We sure do miss those homebuyer tax credits.
According to a report out from Zillow today, homes are on track to lose $1.7 trillion in value this year, 63 percent more than the $1 trillion in value they sacrificed in 2009. Much of that fall has come in the latter half of the year, after the first-time homebuyers tax credit expired. This suggests that the rate of devaluation could continue to accelerate through 2011 and possibly beyond.
The total value lost since the peak of the market in 2006 now stands at just over $9 trillion, for a total market of $22.7 trillion in homes, which is down a little more than 28 percent. Given that some are predicting continued housing troubles through 2014, that number could possibly double and the country would be looking at home values that have collapsed by half as a result of the bursting of the real estate bubble. Indeed, next year could be even worse, as foreclosures are expected to accelerate, at least in some areas.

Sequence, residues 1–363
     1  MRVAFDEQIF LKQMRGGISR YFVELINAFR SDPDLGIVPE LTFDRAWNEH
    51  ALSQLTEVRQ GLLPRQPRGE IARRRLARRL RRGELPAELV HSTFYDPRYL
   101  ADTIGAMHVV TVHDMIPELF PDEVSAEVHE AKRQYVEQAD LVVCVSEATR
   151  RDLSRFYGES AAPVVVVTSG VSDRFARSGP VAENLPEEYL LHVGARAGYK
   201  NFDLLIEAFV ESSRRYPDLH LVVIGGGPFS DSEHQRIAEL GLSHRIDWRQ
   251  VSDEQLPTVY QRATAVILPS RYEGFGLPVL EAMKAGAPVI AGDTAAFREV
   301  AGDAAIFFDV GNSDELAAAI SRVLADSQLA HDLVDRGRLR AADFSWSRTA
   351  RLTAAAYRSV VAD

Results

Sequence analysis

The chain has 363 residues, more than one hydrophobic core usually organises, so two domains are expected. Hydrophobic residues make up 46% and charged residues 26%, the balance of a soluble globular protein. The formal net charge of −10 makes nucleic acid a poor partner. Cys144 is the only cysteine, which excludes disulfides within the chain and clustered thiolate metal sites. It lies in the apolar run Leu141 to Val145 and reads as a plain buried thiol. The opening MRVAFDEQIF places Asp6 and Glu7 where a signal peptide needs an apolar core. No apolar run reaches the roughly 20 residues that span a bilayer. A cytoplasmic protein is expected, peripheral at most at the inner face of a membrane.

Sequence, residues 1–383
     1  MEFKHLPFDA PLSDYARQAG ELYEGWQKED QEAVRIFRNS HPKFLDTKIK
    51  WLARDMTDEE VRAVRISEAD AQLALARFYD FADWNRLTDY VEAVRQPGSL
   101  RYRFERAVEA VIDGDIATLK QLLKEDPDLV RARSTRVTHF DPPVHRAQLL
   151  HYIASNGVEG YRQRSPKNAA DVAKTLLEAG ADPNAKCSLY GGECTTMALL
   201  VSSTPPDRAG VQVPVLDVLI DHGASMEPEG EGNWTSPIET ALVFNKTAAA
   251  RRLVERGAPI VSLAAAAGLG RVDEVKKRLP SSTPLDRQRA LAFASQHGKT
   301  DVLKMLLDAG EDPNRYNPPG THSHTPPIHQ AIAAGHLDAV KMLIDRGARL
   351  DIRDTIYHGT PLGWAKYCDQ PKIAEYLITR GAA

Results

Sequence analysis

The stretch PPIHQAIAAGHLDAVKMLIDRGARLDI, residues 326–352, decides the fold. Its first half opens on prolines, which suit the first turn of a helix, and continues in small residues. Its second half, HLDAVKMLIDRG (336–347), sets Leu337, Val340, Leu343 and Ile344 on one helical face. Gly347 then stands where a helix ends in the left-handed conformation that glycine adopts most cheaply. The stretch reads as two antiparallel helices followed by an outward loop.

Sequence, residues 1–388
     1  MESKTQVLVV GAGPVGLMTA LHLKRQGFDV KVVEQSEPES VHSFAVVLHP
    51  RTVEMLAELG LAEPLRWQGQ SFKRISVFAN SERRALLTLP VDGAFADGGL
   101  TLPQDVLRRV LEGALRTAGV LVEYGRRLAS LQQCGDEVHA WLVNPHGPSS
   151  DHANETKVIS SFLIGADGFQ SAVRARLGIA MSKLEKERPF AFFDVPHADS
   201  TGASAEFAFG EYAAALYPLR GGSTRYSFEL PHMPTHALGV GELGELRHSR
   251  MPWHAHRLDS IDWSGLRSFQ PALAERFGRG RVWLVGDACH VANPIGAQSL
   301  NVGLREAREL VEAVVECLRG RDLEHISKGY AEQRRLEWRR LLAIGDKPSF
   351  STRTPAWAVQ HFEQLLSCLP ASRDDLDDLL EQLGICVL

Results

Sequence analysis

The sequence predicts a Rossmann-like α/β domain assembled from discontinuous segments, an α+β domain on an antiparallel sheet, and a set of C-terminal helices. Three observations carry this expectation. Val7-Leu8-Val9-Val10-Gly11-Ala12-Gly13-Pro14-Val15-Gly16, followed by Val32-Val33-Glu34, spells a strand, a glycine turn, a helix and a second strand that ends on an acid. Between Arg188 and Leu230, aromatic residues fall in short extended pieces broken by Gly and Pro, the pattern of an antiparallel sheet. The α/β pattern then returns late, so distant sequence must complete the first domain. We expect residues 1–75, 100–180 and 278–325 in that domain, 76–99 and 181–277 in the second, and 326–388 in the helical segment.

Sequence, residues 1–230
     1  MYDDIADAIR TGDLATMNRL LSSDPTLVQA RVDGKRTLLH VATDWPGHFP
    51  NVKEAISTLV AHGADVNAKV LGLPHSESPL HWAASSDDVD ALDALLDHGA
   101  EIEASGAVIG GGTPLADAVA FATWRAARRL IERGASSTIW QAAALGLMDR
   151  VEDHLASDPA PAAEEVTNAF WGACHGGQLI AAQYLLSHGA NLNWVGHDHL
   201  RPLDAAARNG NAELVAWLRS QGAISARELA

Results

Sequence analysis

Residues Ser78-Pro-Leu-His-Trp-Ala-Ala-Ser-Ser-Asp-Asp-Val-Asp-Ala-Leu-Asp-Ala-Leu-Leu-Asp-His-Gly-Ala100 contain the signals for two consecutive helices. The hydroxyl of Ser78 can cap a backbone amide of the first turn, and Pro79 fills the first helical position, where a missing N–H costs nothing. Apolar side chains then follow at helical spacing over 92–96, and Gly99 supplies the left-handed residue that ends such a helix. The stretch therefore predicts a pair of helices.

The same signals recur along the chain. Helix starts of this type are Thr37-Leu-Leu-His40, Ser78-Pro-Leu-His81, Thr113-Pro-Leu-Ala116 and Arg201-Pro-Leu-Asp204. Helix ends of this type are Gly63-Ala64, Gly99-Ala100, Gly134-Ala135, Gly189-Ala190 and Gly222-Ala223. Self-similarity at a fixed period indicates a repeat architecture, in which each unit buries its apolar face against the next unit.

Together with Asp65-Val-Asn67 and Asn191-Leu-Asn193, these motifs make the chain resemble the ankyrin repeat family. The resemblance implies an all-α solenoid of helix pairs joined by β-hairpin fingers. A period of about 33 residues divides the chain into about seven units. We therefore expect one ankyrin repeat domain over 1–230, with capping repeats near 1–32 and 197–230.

Meanwhile, New York is doing better, but by no means well. The big story this year may be the roaring return of the high-end market (the Post said the same today), but across the five boroughs, home values still fell by almost $104 million.
That is less severe than the $145 million lost last year, but compared to L.A., where values declined 48 percent year-over-year, New York fell 72 percent (about the same as Chicago). By comparison, Dallas, Philadelphia and Atlanta all saw greater losses this year than last year, while Miami and Washington, D.C., also saw their rate of decline accelerate.
Only 31 of 129 cities surveyed, or 24 percent, saw their market value rise, as Zillow’s handily depressingly chart shows.